Empirical Evidence on the Effects of Tax Incentives

26 Pages Posted: 28 Jul 2009

See all articles by Alexander Klemm

Alexander Klemm

International Monetary Fund (IMF)

Stefan Van Parys

International Monetary Fund (IMF)

Date Written: July 2009

Abstract

This paper considers two empirical questions about tax incentives: (1) are incentives used as tools of tax competition and (2) how effective are incentives in attracting investment? To answer these, we prepared a new dataset of tax incentives in over 40 Latin American, Caribbean and African countries for the period 1985–2004. Using spatial econometrics techniques for panel data to answer the first question, we find evidence for strategic interaction in tax holidays, in addition to the well-known competition over the corporate income tax rate. We find no evidence, however, for competition over investment allowances and tax credits. Using dynamic panel data econometrics to answer the second question, we find evidence that lower corporate income tax rates and longer tax holidays are effective in attracting FDI, but not in boosting gross private fixed capital formation or growth.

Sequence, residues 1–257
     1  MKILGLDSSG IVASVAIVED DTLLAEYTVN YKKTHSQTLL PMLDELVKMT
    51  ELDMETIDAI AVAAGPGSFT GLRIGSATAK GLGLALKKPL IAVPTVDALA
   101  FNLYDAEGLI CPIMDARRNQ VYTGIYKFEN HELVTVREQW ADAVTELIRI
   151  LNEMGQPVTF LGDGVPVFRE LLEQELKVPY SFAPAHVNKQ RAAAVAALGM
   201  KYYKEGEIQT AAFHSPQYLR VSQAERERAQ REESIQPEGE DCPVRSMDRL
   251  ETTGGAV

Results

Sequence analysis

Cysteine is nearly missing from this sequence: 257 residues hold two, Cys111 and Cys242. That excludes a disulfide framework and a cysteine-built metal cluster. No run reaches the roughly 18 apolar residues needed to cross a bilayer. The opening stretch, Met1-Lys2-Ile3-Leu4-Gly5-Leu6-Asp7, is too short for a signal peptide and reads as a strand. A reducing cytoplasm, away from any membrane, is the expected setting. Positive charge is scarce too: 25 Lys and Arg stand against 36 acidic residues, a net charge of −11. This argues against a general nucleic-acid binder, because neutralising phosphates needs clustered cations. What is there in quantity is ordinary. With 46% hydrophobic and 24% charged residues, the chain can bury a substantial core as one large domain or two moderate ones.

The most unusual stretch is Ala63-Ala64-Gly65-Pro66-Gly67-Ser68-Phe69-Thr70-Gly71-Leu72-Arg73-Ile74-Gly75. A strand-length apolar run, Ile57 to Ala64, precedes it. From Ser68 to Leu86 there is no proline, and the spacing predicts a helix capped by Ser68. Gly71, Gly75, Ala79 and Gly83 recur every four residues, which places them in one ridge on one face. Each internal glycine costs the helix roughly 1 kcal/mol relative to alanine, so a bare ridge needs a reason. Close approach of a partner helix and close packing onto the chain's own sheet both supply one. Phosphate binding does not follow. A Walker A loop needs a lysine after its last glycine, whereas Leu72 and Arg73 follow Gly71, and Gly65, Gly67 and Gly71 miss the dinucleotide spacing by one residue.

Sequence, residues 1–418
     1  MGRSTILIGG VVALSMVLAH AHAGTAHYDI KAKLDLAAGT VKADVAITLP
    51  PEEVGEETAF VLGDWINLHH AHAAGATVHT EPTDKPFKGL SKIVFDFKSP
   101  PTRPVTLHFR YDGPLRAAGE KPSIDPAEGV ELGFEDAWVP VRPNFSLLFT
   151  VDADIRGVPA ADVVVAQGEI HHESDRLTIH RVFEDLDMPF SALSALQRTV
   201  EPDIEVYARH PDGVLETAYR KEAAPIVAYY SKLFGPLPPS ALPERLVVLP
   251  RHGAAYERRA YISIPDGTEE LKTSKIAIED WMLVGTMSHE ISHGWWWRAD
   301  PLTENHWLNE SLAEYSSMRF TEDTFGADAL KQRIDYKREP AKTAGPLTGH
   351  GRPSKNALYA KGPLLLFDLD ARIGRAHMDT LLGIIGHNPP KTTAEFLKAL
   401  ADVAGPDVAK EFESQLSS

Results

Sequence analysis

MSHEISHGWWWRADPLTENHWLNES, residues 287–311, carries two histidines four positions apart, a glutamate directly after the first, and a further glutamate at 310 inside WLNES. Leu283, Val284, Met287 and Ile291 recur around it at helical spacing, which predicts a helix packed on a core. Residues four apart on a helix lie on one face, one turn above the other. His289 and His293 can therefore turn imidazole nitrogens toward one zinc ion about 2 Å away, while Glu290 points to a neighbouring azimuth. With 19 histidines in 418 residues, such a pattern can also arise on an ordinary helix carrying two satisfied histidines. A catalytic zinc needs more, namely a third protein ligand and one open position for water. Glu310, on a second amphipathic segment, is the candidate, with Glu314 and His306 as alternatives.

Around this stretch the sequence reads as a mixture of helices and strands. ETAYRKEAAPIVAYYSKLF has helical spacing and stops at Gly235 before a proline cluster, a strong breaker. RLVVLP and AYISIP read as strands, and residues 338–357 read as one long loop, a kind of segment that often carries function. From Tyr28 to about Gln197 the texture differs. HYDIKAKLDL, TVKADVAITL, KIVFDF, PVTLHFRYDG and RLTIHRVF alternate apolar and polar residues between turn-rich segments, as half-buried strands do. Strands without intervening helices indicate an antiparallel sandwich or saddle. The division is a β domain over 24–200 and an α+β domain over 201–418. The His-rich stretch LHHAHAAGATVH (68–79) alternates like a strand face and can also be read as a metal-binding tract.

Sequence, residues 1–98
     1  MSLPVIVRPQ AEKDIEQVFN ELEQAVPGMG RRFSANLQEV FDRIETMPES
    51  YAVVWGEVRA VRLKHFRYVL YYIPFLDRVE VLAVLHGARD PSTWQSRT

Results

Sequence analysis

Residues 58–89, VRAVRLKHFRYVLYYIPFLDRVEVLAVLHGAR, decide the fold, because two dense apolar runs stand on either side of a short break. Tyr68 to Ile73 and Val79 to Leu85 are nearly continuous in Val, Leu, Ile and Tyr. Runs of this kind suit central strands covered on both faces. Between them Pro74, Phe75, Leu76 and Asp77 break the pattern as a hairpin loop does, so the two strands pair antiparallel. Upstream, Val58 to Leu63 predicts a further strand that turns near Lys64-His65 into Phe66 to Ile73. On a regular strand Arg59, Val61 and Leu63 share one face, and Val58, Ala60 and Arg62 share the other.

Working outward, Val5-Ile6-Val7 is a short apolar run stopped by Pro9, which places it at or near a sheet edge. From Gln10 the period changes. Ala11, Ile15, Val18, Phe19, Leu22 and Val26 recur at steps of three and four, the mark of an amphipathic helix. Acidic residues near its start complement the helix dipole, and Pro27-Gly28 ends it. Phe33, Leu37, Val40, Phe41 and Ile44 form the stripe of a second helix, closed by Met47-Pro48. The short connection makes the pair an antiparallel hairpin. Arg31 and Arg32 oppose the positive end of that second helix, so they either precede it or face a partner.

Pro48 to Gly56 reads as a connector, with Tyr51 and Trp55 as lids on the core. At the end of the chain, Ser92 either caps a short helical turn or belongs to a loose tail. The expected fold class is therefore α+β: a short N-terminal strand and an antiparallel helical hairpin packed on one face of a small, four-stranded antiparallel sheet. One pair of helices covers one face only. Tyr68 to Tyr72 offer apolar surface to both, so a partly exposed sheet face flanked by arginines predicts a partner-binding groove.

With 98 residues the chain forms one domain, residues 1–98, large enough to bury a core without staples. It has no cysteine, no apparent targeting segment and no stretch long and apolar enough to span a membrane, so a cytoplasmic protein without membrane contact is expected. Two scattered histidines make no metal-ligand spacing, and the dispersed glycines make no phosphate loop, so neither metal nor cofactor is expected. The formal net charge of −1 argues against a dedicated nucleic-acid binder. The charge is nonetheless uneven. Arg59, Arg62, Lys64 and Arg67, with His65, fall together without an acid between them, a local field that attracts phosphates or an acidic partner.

Keywords: Africa, Caribbean, Competition, Corporate sector, Corporate taxes, Cross country analysis, Developing countries, Economic growth, Foreign direct investment, Investment, Latin America, Tax incentives, Tax rates, Time series

Suggested Citation

Klemm, Alexander and Van Parys, Stefan, Empirical Evidence on the Effects of Tax Incentives (July 2009). IMF Working Paper No. 09/136, Available at SSRN: https://ssrn.com/abstract=1438845

Alexander Klemm (Contact Author)

International Monetary Fund (IMF) ( email )

700 19th Street, N.W.
Washington, DC 20431
United States

Stefan Van Parys

International Monetary Fund (IMF) ( email )

700 19th Street, N.W.
Washington, DC 20431
United States